Splendid Songs From Northern Lights

Anna Carol Dudley on June 20, 2011
Singers from the International Orange Chorale

The wonderful International Orange Chorale was new to me until I heard its concert Friday. Also new to me was the venue, in downtown San Francisco, referred to as Atrium Public Space in publicity and Solarium Public Space on the program. The Chorale is amateur, in the best sense of the word — made up of excellent musicians who sing for the love of singing. They are helped by the superb conducting of Artistic Director Zane Fiala.

The concert was free, and the space was informal — a large room with a few chairs scattered around tables and lining the walls. The singers were dressed in black highlighted by orange or red scarves and ties (orange being the “official paint color of the Golden Gate bridge,” identifying them as San Franciscans). Informality was the order of the day, beginning with an invitation to the audience to join in vocal warm-ups.

The ambitious program, ranging through a variety of styles, was sung a cappella. The Chorale needed no instrumental support for pitch and rhythm. The singers are masters of accurate intonation, dynamic variety, tight ensemble, and expressive nuance. In a program called “Northern Lights: Luminaries of Scandinavian Choral Music,” most of the composers are still living and are Scandinavians or of Scandinavian origin. Languages included Swedish, Danish, German, English, Sami (a Lapp language from northern Sweden), and Latin. The latter was sung in “Ecclesiastical Latin,” an Italian pronunciation that is historically authentic for generations of American singers and audiences and continues to be used, even though the Roman Catholic Church has switched the Mass (and the masses) to the vernacular.

The 19th-century composer Wilhelm Stenhammar set a poem by a Danish poet, Jens Peter Jacobsen, perhaps the most harmonically conservative setting on the program. The Chorale sang it beautifully, and then proceeded to a new, more dissonant piece by chorus member Joshua Saulle. It was a setting of e.e. cummings’ i am a little church, rooted in the rhythms and joys of nature, and included a soprano solo, which Elaine Russell Robertson sang with a lovely, pure sound. Last year’s audience had voted the piece its favorite.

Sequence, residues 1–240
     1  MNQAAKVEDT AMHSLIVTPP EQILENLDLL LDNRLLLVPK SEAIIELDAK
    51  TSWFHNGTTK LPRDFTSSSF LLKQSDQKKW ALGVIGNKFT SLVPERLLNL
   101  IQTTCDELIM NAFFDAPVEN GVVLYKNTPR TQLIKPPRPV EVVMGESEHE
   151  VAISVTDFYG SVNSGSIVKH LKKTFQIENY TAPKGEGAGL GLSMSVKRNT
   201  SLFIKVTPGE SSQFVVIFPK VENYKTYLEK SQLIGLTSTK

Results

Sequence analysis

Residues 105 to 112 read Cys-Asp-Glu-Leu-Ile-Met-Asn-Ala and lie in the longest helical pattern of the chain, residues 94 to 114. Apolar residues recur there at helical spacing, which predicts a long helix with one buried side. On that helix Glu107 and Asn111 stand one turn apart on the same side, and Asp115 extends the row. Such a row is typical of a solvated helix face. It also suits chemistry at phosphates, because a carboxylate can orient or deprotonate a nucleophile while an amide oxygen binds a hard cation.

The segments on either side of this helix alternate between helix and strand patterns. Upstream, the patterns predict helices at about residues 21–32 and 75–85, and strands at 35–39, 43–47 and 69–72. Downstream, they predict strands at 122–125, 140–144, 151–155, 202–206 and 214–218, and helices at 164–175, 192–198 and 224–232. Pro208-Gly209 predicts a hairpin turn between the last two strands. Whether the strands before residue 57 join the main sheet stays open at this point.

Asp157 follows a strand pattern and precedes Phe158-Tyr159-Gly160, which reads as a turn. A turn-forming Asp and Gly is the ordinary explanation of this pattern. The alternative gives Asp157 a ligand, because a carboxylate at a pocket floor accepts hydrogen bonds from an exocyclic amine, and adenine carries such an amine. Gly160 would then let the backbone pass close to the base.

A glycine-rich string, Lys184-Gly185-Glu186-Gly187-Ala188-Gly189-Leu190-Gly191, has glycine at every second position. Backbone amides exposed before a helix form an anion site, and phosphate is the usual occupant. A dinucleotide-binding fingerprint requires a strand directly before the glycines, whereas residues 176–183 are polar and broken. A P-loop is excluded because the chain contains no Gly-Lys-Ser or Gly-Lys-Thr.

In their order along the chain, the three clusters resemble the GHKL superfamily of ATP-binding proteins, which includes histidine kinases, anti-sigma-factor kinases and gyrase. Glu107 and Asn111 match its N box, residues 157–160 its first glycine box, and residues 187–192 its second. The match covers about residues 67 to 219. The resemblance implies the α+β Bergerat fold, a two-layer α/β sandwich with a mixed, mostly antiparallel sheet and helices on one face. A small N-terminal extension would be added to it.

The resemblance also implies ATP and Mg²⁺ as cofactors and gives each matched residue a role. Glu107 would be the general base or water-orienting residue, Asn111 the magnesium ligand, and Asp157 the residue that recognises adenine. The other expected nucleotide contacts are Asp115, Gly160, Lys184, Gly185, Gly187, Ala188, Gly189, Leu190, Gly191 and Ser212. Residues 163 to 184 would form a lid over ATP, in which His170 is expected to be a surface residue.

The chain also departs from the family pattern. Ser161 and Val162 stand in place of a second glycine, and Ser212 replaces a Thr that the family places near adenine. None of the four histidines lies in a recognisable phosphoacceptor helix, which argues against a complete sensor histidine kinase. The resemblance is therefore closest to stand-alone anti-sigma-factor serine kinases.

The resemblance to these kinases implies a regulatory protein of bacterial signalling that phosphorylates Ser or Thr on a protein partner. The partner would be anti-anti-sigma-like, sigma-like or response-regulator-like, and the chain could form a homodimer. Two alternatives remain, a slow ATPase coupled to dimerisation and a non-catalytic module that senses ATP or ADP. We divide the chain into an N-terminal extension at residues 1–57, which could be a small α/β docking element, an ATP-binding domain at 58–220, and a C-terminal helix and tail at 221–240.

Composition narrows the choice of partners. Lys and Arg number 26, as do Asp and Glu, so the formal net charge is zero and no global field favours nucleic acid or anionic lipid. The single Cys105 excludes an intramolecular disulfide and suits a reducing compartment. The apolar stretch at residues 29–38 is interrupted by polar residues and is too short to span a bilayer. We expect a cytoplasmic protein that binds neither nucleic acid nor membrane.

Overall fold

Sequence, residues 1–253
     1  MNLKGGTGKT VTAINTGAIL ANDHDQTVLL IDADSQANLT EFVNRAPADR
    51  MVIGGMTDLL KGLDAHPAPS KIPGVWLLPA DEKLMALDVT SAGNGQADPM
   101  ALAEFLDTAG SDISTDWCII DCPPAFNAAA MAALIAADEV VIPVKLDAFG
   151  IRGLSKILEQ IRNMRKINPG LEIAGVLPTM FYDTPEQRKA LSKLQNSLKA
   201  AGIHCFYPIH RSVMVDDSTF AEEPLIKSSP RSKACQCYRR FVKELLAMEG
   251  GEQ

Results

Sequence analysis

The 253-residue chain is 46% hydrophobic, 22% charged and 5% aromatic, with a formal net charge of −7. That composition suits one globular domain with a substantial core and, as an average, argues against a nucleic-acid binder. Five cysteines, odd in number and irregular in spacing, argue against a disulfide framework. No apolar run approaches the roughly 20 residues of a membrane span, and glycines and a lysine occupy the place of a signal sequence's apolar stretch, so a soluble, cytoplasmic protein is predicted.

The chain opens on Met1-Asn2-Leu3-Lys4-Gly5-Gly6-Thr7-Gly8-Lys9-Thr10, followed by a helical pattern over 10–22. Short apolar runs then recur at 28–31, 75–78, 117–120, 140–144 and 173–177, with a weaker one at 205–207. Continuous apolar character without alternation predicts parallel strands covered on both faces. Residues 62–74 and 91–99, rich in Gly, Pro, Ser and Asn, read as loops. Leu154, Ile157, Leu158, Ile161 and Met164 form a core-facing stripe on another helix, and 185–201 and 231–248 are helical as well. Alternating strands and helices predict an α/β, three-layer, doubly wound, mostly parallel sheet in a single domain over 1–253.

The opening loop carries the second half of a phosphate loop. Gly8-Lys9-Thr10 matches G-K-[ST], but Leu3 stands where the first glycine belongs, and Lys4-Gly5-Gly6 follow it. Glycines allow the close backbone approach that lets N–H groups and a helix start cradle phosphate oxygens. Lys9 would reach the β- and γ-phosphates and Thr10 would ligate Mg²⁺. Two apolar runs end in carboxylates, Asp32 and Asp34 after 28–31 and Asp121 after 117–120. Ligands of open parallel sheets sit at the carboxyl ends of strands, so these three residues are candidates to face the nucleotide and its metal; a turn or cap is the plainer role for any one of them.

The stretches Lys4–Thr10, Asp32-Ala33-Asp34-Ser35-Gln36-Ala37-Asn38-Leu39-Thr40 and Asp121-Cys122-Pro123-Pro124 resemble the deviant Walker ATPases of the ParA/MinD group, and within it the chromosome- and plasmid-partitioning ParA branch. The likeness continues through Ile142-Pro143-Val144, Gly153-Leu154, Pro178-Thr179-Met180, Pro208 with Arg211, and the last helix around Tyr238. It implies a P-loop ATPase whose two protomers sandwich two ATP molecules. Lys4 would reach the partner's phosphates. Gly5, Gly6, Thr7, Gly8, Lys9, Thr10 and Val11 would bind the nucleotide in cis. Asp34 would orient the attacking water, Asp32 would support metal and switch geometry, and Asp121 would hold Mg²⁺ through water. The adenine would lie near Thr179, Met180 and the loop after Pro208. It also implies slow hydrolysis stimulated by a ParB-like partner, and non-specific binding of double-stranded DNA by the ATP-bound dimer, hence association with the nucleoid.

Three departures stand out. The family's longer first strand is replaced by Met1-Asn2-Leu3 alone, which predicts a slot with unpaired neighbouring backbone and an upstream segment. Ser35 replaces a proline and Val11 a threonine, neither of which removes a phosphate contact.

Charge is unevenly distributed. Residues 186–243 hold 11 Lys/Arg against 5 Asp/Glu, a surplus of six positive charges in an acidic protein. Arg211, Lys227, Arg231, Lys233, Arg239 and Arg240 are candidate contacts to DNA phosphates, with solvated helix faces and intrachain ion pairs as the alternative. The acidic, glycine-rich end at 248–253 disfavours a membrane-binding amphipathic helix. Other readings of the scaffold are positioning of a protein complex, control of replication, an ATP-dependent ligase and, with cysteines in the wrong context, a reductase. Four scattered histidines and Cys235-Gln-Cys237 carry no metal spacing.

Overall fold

For this year, the chorus premiered another piece by one of its members, Mari Valverde: Månskenskväll (Moonlit evening), on a poem by Swedish poet Edith Södergran. Written with nice attention to the qualities of different parts, from soprano to bass, and with close attention to visual images, it got a fine performance.

Swedish composer Bo Hansson’s setting of Psalm 13, called Lighten mine eyes, begins with the men’s voices, adds the women’s, and weaves a rich tapestry out of staggered entrances. The singers caught the psalmist’s dark beginning, the plea to God to lighten his eyes, and his final contentment with God’s help.

How to Choose From Among Excellence?

Members of the audience were urged to pick up a ballot and vote for the piece in the concert that they liked best. It would be hard for me to choose. It might come down to two pieces. One is Jan Sandström’s Biegga Luohte (The Holy Spirit comes like the wind). The poem is in Sami, a Lapp language from northern Sweden. Shouting, singing, echoing, and leaping between loud and soft, the “wind” blew — lo, lo, lo, lo — in intricate rhythmic patterns with great gusto, especially in the solo singing of bass Nathan Hays.

My other favorite was the extraordinary Immortal Bach, by Knut Nystedt. The chorus formed a big circle, surrounding the audience. The piece began with Bach — three lines from his chorale “Komm, süsser Tod” (Come, sweet Death), beautifully sung. Then the singers went back to the first line, which began to dissolve into increasing dissonance, the sound holding for a long time (breaths individually taken so that the sound was continuous). Fiala stopped conducting, and tones changed ad libitum from voice to voice. (I didn’t ask whether the final chord was all the 12 half-notes of the scale, but knowing Nystedt’s birth date, 1915, encourages that conjecture, as Schoenberg was well-established by then.) Fiala ended the first line, and then started the second, which got the same treatment, as did the last line: “Come lead me in peace.” It was a magnificent performance of a splendid piece of music.

Latin was the language of the first two and the last two pieces, all liturgical and all relatively tonal harmonically. Hymne à Saint Martin by Vaclovas Augustinas and a Sanctus by Jan Sandström nicely combined dissonance with basic harmonies. The more dissonant O Sacrum Convivium by Fredrik Sixten was grounded by a pedal point — a single tone that kept going throughout the piece, a device described in program notes as representing “the constancy of the Blessed Sacrament.” Unicornis Captivatur, an ancient text set by Ola Gjeilo, made a captivating ending. The voices were artfully distributed: Sopranos began a verse in unison, and then repeated it with an alto part added. All voices rejoiced in an Alleluia. A hushed bass entry on “Three days long, the Lion slept” grew into added entries as “the King awakened it with a roar.” Well-roared.

A third new piece by a local composer, Peace, by Aaron Pike, served as encore. The echoing acoustic of the room prevented the listener from understanding any of the words besides the title word — an apt reminder of how important it was that texts and translations had been provided in the printed program.

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